In November 2013, Princess Akiko visited Minamisanriku that was affected during the earthquake on 11 March 2011.[15]

Princess Akiko meeting Ömer Çelik, Minister of Culture and Tourism, in Turkey on 27 April 2014

From 23 April to 30 April 2014, Princess Akiko visited Turkey. On 27 April, the Princess attended the memorial concert for Prince Tomohito held by the Turkish government. Princess Akiko was named president of the Japan-Turkey Society, a post formerly held by Prince Tomohito.[16]

Princess Akiko attending the ceremony to commemorate victims of the Frigate Ertuğrul Disaster at Kushimoto Town Cultural Center in Kushimoto, Wakayama, on 3 June 2015

In May 2016 Princess Akiko made a public appearance at the Fifth World Butoku Sai in Kyoto, Japan sponsored by the Dai Nippon Butoku Kai martial arts organization. This was notable as it was the first time in the events 121-year history that she has attended.[17]

In September 2018, the Princess undertook a tour of Turkey, during which she met with Turkish officials and visited archaeological sites and museums in Istanbul, Ankara, and Kırşehir.[18] She was also appointed as the honorary president of Prince Mikasa Foundation, an institution founded in 2017 to provide support for the Japanese Institute of Anatolian Archaeology.[19]

Prince Tomohito's death[edit]

On 6 June 2012, Prince Tomohito died from multiple organ failure. His funeral was held at the Toshimagaoka Imperial Cemetery. The ceremony, called "Renso no Gi", was hosted by Princess Akiko.[20] In June 2013 in a statement about the Prince's household, it was announced by the Imperial Household Agency that "it [had] reduced the number of households in the Imperial family by one", integrating it into the household led by his father.[21] According to the agency's officials the household integration won't have any effect on the lives of the widow and daughters of Prince Tomohito.[21]


On 6 December 2013, the Emperor and Empress returned from their visit to India. The Imperial Family gathered at Haneda Airport to greet them. At the airport, Princess Akiko suddenly collapsed. She was taken to Keio University Hospital and was diagnosed with cerebral anemia.[22]

In 2017, she was reported to have visited Kyoto Prefectural University of Medicine’s hospital in Kyoto due to asthma and high fever.[22]

Titles and styles[edit]

Akiko is styled as Her Imperial Highness Princess Akiko of Mikasa.


National honours[edit]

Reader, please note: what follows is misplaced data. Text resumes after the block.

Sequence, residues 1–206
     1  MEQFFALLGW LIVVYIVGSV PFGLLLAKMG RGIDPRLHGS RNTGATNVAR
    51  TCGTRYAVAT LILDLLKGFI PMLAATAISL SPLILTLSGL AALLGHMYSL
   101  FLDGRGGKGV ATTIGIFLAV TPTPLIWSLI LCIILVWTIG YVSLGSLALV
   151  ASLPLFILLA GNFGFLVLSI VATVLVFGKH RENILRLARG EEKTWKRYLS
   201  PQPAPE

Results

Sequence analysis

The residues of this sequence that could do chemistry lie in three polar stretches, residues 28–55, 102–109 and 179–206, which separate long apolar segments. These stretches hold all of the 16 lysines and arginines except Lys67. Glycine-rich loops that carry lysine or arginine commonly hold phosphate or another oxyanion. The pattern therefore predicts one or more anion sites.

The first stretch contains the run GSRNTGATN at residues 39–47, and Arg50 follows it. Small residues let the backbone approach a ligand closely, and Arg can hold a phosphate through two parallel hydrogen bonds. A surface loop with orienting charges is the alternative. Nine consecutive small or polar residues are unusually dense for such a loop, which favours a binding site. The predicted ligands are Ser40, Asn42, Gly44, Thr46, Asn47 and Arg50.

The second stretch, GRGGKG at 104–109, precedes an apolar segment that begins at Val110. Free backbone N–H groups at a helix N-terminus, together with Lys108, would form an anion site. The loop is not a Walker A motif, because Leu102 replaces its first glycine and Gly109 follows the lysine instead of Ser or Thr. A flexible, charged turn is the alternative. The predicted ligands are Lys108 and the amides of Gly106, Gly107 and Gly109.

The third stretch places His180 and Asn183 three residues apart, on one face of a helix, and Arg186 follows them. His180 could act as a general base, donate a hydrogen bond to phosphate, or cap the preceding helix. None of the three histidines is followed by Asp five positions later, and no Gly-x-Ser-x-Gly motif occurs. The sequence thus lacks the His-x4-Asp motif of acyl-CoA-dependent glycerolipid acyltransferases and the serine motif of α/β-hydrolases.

1. ^ "Princess Akiko cleared for Oxford". The Japan Times. 8 August 2001. Retrieved 14 April 2009.
  2. ^ a b c d e f g h i "Their Imperial Highnesses Prince and Princess Mikasa and their family". Imperial Household Agency. 31 March 2009. Retrieved 14 April 2009. Italic or bold markup not allowed in: |publisher= (help)
  3. ^ "Oriental Studies Research Students". 22 January 2009. Archived from the original on 22 August 2009. Retrieved 14 April 2009. Cite uses deprecated parameter |deadurl= (help)
  4. ^ Hanford Sentinel, 12 April 2008
  5. ^ "Imperial princess doing research in California". Cultural News. August 2008. Archived from the original on 4 December 2008. Retrieved 19 August 2008. Cite uses deprecated parameter |deadurl= (help)
  6. ^ Obituary of Prince Tomohito of Mikasa Archived 1 October 2013 at the Wayback Machine - Oxford Today
  7. ^ "The Japan-Turkey Society". Retrieved 18 December 2013.
  8. ^ "Imperial Family Attends Spring Garden Party". Royal Hats blog.
  9. ^ "Princess Akiko supports Japan in Argentina".
  10. ^ "Princess Akiko in Buenos Aires". Retrieved 13 December 2013.
  11. ^ "Japan's Princess Akiko of Mikasa". Retrieved 13 December 2013.
  12. ^ "Histórica visita: princesa imperial de Japón se reúne con estudiantes de la Universidad". Retrieved 10 September 2013.
  13. ^ "Japanese Imperial Princess enjoys an engaging visit and delicious luncheon at Viu Manet winery". Archived from the original on 12 January 2016. Retrieved 13 December 2013. Cite uses deprecated parameter |deadurl= (help)
  14. ^ "Japanese Princess Visits Chile". Archived from the original on 13 December 2013. Retrieved 13 December 2013. Cite uses deprecated parameter |deadurl= (help)
  15. ^ "Moai Statue". Retrieved 13 December 2013.
  16. ^ "Princess Noriko got engaged". Imperial Family of Japan. 27 May 2014. Retrieved 8 January 2017.
  17. ^ "Martial Arts Team Travels to Japan, Brings Home Competition Accolades". Old Dominion University. Retrieved 20 October 2016.
  18. ^ "FM Çavuşoğlu meets with Japanese Princess Akiko". Hürriyet Daily News. 11 September 2018. Retrieved 1 November 2018.
  19. ^ "Japanese Princess Akiko takes foundation chair in Istanbul". Hürriyet Daily News. 14 September 2018. Retrieved 1 November 2018.
  20. ^ "Prince Tomohito's funeral draws 660 luminaries". Japan Times. Archived from the original on 19 July 2012. Retrieved 9 January 2013. Cite uses deprecated parameter |deadurl= (help)
  21. ^ a b "Prince's 2012 passing reduces Imperial household families by one". Japan Times. Retrieved 13 December 2013.
  22. ^ a b

External links[edit]